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Siemens, Norled Announce ‘World’s First’ Electric Car Ferry

Siemens, Norwegian shipyard Fjellstrand and shipping company Norled have developed what they say is the world’s first electrically powered car ferry.

The 80-meter vessel can carry 120 cars and 360 passengers. From 2015 onward, it will serve the route between Lavik and Oppedal, Norway, across the Sognefjord.

The vessel currently serving this route uses on average one million liters of diesel and emits 570 metric tons of carbon dioxide and 15 metric tons of nitrogen oxides a year.

The companies developed the electrically powered ferry for submission to a competition organized by Norway’s Ministry of Transport. As a reward for winning the competition, the shipping company Norled has been granted the license to operate the route until 2025.

Rather than a diesel engine, the ferry is equipped with electric motors to drive the ship’s two screws. These motors are powered by a battery weighing 10 metric tons.

The ship has been specially designed to fit the requirements of an electric drive system. As a catamaran with two slim hulls, it offers less resistance in the water than a conventional vessel. The hulls are also made of aluminum instead of heavier steel.

All in all, the new vessel weighs only half as much as a ferry of conventional design. This saving has a direct impact on the specifications of the drive system. Whereas the ferry currently serving the route has an engine with an output of 1,500 kW or more than 2000 horsepower, the battery in the new vessel will have an output of 800 kW. In normal conditions, operating at a speed of 10 knots, battery power of 400 kW will suffice, Siemens says.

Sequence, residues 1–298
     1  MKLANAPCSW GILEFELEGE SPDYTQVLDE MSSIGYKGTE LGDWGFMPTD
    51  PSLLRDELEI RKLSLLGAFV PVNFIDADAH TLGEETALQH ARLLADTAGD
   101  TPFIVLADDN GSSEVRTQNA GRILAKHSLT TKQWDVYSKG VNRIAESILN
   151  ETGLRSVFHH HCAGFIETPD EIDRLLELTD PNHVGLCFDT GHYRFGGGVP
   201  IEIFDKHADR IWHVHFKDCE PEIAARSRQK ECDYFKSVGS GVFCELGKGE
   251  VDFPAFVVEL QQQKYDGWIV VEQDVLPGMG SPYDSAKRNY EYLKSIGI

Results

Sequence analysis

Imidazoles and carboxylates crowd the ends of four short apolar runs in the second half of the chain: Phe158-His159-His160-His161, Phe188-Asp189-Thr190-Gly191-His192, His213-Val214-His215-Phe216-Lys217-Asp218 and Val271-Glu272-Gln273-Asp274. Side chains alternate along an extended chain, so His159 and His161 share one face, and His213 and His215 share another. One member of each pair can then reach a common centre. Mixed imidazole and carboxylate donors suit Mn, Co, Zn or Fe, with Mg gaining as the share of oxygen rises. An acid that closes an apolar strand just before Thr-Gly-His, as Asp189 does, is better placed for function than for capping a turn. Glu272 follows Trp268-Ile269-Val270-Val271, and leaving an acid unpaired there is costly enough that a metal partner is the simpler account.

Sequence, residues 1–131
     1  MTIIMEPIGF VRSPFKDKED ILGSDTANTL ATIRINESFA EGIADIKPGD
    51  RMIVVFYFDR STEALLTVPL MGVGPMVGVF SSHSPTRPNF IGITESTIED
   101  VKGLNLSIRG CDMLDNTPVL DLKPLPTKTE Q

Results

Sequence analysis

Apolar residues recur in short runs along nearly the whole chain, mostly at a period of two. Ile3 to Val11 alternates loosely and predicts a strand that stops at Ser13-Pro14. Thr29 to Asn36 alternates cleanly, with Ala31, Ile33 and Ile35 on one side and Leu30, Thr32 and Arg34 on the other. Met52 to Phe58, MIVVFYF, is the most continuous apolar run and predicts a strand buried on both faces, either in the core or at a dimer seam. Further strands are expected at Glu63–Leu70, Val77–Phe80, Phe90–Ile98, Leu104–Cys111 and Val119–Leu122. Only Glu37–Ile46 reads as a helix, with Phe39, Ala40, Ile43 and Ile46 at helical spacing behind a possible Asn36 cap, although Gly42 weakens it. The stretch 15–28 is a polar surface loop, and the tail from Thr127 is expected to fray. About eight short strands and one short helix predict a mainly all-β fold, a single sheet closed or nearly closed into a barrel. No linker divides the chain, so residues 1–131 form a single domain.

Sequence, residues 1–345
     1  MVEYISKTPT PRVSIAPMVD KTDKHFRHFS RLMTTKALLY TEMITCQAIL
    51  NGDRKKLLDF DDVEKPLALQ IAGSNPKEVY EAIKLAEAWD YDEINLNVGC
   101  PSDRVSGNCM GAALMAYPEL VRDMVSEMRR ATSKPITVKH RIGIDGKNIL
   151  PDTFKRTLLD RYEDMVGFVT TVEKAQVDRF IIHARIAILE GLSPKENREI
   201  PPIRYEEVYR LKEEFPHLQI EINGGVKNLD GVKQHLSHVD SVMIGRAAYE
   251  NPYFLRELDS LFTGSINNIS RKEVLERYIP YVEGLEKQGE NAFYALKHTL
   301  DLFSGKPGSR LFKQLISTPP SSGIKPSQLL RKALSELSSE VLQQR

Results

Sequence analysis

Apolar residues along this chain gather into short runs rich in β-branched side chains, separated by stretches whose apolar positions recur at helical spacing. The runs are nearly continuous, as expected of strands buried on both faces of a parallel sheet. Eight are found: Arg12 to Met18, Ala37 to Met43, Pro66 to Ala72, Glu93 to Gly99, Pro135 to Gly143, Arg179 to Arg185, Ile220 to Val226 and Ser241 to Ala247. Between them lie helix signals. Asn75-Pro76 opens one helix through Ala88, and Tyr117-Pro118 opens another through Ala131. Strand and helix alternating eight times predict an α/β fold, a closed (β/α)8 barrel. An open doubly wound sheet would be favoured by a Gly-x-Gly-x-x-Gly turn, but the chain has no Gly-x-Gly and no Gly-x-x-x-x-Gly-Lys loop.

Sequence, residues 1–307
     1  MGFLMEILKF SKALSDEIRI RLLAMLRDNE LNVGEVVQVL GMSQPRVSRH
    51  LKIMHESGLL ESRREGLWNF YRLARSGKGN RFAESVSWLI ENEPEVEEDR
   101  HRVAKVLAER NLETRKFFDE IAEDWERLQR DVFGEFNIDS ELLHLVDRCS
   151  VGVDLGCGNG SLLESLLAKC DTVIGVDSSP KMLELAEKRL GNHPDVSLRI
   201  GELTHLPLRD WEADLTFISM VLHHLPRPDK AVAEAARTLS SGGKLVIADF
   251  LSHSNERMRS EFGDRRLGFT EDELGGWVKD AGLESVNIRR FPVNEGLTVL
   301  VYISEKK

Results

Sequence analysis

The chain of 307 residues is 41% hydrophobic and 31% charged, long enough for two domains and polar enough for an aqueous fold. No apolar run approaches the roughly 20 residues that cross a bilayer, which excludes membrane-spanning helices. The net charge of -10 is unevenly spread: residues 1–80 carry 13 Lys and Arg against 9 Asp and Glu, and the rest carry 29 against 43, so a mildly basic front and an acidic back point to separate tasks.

Batteries powering the ship can be recharged in 10 minutes, meaning the craft can be “refueled” in the breaks between crossings, Siemens says. In the two small villages linked by the ferry, however, the local grid is not equipped to deliver such a large amount of power in such a short space of time. To deal with this problem, batteries have been installed at each port. These serve to recharge the ferry’s battery during turnaround and are then themselves slowly recharged from the local grid, Siemens says.

Currently hundreds of ferries link Norway’s mainland to the islands off its coast and provide routes across its fjords. This battery technology could be used to replace all ferries operating on crossings of 30 minutes or less, Siemens says.

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